- Poor Methodological Approach -- the design must include a well-developed and transparent plan for how you intend to collect or generate data and how it will be analyzed. Ensure that the method used to gather information for analysis is aligned with the topic of inquiry and the underlying research questions to be addressed.
- Proximity Sampling -- this refers to using a sample which is based not upon the purposes of your study, but rather, is based upon the proximity of a particular group of subjects. The units of analysis, whether they be persons, places, events, or things, must not be based solely on ease of access and convenience.
- Techniques or Instruments -- be clear in describing the techniques [e.g., semi-structured interviews] or instruments [e.g., questionnaire] used to gather data. Your research design should note how the technique or instrument will provide reasonably reliable data to answer the questions associated with the research problem.
- Statistical Treatment -- in quantitative studies, you must give a complete description of how you will organize the raw data for analysis. In most cases, this involves describing the data through the measures of central tendencies like mean, median, and mode that help the researcher explain how the data are concentrated and, thus, lead to meaningful interpretations of key trends or patterns found within the data.
- Vocabulary -- research often contains jargon and specialized language that the reader is presumably familiar with. However, avoid overuse of technical or pseudo-technical terminology. Problems with vocabulary also can refer to the use of popular terms, cliche's, or culture-specific language that is inappropriate for academic writing. More information about proper word usage can be found here.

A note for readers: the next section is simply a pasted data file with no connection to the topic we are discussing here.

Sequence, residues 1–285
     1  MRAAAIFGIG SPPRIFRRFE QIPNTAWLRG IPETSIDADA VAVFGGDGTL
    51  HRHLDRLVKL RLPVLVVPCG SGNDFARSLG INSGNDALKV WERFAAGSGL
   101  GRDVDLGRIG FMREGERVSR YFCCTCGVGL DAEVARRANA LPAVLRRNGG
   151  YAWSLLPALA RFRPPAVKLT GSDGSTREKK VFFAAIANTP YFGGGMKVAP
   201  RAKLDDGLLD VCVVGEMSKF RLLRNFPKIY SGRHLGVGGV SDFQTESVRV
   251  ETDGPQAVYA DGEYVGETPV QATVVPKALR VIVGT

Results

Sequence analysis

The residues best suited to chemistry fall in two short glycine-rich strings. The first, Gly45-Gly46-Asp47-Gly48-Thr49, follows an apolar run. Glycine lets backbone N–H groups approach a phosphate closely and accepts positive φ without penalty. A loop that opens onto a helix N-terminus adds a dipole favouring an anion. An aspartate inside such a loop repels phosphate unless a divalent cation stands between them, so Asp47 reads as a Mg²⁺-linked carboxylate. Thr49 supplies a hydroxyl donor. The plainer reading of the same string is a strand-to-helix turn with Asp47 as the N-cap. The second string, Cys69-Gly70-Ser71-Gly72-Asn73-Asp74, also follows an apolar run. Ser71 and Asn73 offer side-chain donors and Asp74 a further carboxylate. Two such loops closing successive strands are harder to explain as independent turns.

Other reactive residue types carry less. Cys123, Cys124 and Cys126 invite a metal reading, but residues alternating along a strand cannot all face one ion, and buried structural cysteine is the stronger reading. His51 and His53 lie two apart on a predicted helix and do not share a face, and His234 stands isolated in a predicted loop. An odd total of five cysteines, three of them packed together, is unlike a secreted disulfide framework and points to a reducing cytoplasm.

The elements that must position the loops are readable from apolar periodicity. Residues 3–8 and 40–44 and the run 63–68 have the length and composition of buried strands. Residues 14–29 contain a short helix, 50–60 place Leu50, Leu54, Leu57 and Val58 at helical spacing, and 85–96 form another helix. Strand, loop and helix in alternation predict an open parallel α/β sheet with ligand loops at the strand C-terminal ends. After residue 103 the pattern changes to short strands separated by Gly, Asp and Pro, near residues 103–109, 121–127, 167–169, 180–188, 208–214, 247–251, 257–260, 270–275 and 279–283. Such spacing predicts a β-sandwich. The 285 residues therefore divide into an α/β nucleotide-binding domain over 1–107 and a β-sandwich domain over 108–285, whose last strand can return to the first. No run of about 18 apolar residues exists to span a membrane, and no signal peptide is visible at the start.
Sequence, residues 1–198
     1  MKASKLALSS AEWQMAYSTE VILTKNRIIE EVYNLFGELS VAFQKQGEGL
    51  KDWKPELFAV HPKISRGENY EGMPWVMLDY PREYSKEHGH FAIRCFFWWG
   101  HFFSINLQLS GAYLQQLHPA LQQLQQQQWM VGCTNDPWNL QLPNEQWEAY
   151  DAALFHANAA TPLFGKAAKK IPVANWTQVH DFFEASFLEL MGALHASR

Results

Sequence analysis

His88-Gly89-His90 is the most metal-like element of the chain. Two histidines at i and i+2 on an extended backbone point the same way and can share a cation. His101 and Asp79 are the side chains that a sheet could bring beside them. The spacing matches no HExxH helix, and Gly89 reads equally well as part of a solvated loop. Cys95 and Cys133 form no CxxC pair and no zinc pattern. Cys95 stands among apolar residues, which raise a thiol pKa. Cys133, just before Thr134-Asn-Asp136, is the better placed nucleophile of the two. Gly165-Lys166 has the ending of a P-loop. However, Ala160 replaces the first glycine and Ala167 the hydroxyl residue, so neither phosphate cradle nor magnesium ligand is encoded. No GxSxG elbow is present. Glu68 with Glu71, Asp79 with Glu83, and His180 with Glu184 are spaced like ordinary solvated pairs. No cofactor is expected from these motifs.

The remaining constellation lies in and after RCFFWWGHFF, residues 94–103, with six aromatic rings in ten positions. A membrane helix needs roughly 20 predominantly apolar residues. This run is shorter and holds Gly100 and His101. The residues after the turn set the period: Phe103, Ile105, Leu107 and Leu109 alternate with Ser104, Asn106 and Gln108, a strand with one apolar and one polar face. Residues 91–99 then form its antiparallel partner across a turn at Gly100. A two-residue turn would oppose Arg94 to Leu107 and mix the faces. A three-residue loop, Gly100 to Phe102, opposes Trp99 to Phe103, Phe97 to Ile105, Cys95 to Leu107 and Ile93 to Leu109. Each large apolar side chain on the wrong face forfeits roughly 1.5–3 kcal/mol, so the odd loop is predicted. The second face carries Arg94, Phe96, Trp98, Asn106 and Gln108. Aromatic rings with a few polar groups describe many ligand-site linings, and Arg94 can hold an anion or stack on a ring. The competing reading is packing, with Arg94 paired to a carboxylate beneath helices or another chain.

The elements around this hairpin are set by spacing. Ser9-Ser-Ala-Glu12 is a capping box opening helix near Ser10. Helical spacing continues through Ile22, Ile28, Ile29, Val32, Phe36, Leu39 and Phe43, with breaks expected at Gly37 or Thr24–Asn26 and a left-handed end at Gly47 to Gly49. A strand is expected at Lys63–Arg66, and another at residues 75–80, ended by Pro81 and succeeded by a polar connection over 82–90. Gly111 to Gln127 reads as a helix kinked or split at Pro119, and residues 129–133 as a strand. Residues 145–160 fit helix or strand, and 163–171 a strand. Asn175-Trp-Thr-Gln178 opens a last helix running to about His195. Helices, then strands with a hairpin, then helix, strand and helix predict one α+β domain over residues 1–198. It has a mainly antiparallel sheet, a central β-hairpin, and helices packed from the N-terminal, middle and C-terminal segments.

- Ethical Dilemmas -- in the methods section of qualitative research studies, your design must document how you intend to minimize risk for participants [a.k.a., "respondents", "human subjects"] during stages of data gathering while, at the same time, still being able to adequately address the research problem. Failure to do so can lead the reader to question the validity and objectivity of your entire study.
- Limitations of Study -- all studies have limitations. Your research design should anticipate and explain the reasons why these limitations exist and clearly describe the extent of missing data. It is important to include a statement concerning what impact these limitations may have on the validity of your results and how you helped ameliorate the significance of these limitations.
Butin, Dan W. The Education Dissertation A Guide for Practitioner Scholars. Thousand Oaks, CA: Corwin, 2010; Carter, Susan. Structuring Your Research Thesis. New York: Palgrave Macmillan, 2012; Creswell, John W. and J. David Creswell. Research Design: Qualitative, Quantitative, and Mixed Methods Approaches. 5th edition. Thousand Oaks, CA: Sage, 2018;Gorard, Stephen. Research Design: Creating Robust Approaches for the Social Sciences. Thousand Oaks, CA: Sage, 2013; Lunenburg, Frederick C. Writing a Successful Thesis or Dissertation: Tips and Strategies for Students in the Social and Behavioral Sciences. Thousand Oaks, CA: Corwin Press, 2008. Lunsford, Andrea and Robert Connors. The St. Martin’s Handbook. 3rd ed. New York: St. Martin’s Press, 1995.